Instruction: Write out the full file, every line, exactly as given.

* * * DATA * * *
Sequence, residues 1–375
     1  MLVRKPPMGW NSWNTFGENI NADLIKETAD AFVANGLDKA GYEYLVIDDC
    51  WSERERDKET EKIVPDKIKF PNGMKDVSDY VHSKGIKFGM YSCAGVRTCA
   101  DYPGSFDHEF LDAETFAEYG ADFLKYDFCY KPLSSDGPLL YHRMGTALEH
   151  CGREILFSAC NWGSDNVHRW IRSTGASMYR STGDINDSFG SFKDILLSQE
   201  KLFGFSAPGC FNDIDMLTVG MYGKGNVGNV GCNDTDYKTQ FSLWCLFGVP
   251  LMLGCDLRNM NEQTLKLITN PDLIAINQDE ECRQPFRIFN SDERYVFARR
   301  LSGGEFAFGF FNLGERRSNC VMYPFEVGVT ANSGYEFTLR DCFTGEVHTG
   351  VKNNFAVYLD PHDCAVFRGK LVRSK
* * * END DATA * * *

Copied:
Sequence, residues 1–375
     1  MLVRKPPMGW NSWNTFGENI NADLIKETAD AFVANGLDKA GYEYLVIDDC
    51  WSERERDKET EKIVPDKIKF PNGMKDVSDY VHSKGIKFGM YSCAGVRTCA
   101  DYPGSFDHEF LDAETFAEYG ADFLKYDFCY KPLSSDGPLL YHRMGTALEH
   151  CGREILFSAC NWGSDNVHRW IRSTGASMYR STGDINDSFG SFKDILLSQE
   201  KLFGFSAPGC FNDIDMLTVG MYGKGNVGNV GCNDTDYKTQ FSLWCLFGVP
   251  LMLGCDLRNM NEQTLKLITN PDLIAINQDE ECRQPFRIFN SDERYVFARR
   301  LSGGEFAFGF FNLGERRSNC VMYPFEVGVT ANSGYEFTLR DCFTGEVHTG
   351  VKNNFAVYLD PHDCAVFRGK LVRSK